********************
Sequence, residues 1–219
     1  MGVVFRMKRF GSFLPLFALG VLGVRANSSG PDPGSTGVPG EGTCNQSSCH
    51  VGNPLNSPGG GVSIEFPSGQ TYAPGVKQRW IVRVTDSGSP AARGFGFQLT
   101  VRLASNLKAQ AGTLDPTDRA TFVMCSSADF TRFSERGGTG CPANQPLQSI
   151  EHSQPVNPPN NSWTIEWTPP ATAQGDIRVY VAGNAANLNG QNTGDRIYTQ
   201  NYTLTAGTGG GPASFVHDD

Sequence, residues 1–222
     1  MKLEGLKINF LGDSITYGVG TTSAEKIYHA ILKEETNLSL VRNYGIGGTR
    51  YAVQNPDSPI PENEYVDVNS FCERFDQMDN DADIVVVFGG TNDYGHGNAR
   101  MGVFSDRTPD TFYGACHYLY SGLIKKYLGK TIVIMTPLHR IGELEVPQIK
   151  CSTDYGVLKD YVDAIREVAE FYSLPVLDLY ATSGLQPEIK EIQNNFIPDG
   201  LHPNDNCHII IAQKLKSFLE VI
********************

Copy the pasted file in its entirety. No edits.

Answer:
Sequence, residues 1–219
     1  MGVVFRMKRF GSFLPLFALG VLGVRANSSG PDPGSTGVPG EGTCNQSSCH
    51  VGNPLNSPGG GVSIEFPSGQ TYAPGVKQRW IVRVTDSGSP AARGFGFQLT
   101  VRLASNLKAQ AGTLDPTDRA TFVMCSSADF TRFSERGGTG CPANQPLQSI
   151  EHSQPVNPPN NSWTIEWTPP ATAQGDIRVY VAGNAANLNG QNTGDRIYTQ
   201  NYTLTAGTGG GPASFVHDD

Sequence, residues 1–222
     1  MKLEGLKINF LGDSITYGVG TTSAEKIYHA ILKEETNLSL VRNYGIGGTR
    51  YAVQNPDSPI PENEYVDVNS FCERFDQMDN DADIVVVFGG TNDYGHGNAR
   101  MGVFSDRTPD TFYGACHYLY SGLIKKYLGK TIVIMTPLHR IGELEVPQIK
   151  CSTDYGVLKD YVDAIREVAE FYSLPVLDLY ATSGLQPEIK EIQNNFIPDG
   201  LHPNDNCHII IAQKLKSFLE VI